The New Feminist Agenda
By Madeleine Kunin
Feminists opened up thousands of doors in the 1960s and 1970s, but decades later, are U.S. women where they thought they'd be? The answer, it turns out, is a resounding no. Surely there have been gains. Women now comprise nearly 60 percent of college undergraduates and half of all medical and law students. They have entered the workforce in record numbers, making the two-wage-earner family the norm. But combining a career and family turned out to be more complicated than expected. While women changed, social structures surrounding work and family remained static. Affordable and high-quality child care, paid family leave, and equal pay for equal work remain elusive for the vast majority of working women. In fact, the nation has fallen far behind other parts of the world on the gender-equity front. We lag behind more than seventy countries when it comes to the percentage of women holding elected federal offices. Only 17 percent of corporate boards include women members. And just 5 percent of Fortune 500 companies are led by women.
It's time, says Madeleine M. Kunin, to change all that. Looking back over five decades of advocacy, she analyzes where progress stalled, looks at the successes of other countries, and charts the course for the next feminist revolution--one that mobilizes women, and men, to call for the kind of government and workplace policies that can improve the lives of women and strengthen their families.
Available in: Hardcover, Paperback
Local Dollars, Local Sense
By Michael Shuman
Local Dollars, Local Sense is a guide to creating Community Resilience.
Americans' long-term savings in stocks, bonds, mutual funds, pension funds, and life insurance funds total about $30 trillion. But not even 1 percent of these savings touch local small business-even though roughly half the jobs and the output in the private economy come from them. So, how can people increasingly concerned with the poor returns from Wall Street and the devastating impact of global companies on their communities invest in Main Street?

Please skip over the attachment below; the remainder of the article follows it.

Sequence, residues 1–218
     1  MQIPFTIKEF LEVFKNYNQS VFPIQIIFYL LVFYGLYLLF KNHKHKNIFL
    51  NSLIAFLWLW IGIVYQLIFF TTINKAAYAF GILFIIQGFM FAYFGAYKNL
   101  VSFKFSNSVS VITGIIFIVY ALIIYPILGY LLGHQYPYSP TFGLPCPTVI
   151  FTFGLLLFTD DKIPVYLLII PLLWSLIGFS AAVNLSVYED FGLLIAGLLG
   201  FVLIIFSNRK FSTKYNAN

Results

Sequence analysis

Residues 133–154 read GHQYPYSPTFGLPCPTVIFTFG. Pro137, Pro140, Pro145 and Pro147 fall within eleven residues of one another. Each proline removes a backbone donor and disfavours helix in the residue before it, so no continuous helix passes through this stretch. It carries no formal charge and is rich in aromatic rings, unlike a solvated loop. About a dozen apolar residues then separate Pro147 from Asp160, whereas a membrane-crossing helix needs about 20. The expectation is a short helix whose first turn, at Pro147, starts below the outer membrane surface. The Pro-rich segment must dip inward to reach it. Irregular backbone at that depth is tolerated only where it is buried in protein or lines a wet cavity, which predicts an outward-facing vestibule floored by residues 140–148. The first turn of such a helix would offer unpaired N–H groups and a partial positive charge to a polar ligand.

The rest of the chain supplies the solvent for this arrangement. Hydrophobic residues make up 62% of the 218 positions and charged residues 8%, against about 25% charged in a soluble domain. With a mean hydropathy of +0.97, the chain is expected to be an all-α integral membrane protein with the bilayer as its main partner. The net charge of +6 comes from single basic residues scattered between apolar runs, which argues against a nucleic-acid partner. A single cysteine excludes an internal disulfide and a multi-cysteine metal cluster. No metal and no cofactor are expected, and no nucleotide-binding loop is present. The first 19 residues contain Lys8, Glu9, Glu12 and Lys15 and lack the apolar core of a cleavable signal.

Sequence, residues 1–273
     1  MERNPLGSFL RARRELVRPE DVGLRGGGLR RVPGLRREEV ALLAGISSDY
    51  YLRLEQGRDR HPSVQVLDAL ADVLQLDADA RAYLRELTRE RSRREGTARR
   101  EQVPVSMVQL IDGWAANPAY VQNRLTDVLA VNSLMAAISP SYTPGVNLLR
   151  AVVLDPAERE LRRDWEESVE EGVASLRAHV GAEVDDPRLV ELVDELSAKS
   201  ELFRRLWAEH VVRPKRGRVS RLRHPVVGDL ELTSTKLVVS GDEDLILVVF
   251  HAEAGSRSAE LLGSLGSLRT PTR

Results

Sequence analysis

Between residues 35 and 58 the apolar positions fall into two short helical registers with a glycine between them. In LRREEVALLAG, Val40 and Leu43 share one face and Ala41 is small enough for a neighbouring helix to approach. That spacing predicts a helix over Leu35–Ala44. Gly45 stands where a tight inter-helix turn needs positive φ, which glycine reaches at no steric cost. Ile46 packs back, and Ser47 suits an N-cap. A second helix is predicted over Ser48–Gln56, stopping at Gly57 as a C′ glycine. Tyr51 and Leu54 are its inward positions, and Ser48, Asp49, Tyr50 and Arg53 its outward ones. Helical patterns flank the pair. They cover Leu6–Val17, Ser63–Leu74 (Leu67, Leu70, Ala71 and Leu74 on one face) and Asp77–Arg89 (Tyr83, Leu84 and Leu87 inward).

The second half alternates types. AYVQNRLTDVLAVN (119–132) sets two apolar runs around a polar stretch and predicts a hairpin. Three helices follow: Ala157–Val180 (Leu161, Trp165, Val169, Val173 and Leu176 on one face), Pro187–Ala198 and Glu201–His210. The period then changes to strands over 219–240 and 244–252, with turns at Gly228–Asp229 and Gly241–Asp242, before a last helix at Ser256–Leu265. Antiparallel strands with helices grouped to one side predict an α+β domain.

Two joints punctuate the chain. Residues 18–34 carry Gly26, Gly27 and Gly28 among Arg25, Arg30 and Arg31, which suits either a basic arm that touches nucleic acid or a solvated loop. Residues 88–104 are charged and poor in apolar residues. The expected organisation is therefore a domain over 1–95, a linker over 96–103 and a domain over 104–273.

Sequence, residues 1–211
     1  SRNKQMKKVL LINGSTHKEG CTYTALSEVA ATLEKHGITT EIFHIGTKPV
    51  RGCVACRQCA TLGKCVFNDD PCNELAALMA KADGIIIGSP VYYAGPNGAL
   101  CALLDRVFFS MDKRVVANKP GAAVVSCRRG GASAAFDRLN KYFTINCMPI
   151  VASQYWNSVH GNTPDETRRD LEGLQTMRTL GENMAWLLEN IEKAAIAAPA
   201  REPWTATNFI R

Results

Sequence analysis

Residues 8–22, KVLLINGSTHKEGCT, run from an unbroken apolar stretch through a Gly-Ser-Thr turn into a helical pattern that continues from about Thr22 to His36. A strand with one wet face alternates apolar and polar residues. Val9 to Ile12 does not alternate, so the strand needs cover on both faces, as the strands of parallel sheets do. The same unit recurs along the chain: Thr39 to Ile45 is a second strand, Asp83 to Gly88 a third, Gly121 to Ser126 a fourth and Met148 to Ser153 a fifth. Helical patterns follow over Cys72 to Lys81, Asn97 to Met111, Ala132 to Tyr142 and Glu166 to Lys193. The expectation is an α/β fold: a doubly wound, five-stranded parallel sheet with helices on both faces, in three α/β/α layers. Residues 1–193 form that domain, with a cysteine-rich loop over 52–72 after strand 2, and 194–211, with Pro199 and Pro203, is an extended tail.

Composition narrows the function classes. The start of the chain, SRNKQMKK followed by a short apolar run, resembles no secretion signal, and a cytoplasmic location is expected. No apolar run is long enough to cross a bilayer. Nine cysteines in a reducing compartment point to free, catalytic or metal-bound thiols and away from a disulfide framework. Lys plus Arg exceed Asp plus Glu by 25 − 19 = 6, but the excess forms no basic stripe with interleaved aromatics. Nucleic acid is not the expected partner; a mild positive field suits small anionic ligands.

In Local Dollars, Local Sense, local economy pioneer Michael Shuman shows investors, including the nearly 99% who are unaccredited, how to put their money into building local businesses and resilient regional economies-and profit in the process. A revolutionary toolbox for social change, written with compelling personal stories, the book delivers the most thorough overview available of local investment options, explains the obstacles, and profiles investors who have paved the way. Shuman demystifies the growing realm of local investment choices-from institutional lending to investment clubs and networks, local investment funds, community ownership, direct public offerings, local stock exchanges, crowdfunding, and more. He also guides readers through the lucrative opportunities to invest locally in their homes, energy efficiency, and themselves.
A rich resource for both investors and the entrepreneurs they want to support, Local Dollars, Local Sense eloquently shows how to truly protect your financial future--and your community's.
Available in: Paperback
Occupy World Street
By Ross Jackson
Ordinary citizens the world over have long paid the price for the swashbuckling behavior of the corporate and political elite. We've seen the reigning establishment widen the gap between rich and poor, champion endless growth on a finite planet, wreak havoc on developing nations, and ravage ecosystems in a mad race for natural resources.
Now, as demonstrators worldwide demand change, Occupy World Street offers a sweeping vision of how to reform our global economic and political structures, break away from empire, and build a world of self-determining sovereign states that respect the need for ecological sustainability and uphold human rights.
In this refreshingly detailed plan, Ross Jackson shows how a handful of small nations could take on a leadership role; create new alliances, new governance, and new global institutions; and, in cooperation with grassroots activists, pave the way for other nations to follow suit.
Get Up, Stand Up
By Bruce E. Levine
Polls show that the majority of Americans oppose recent US wars and Wall Street bailouts, yet most remain passive and appear resigned to powerlessness. In Get Up, Stand Up, Bruce Levine offers an original and convincing explanation for this passivity. Many Americans are deeply demoralized by decades of oppressive elitism, and they have lost confidence that genuine democracy is possible. Drawing on phenomena such as learned helplessness, the abuse syndrome, and other psychological principles and techniques for pacifying a population, Levine explains how major US institutions have created fatalism. When such fatalism and defeatism set in, truths about social and economic injustices are not enough to set people free.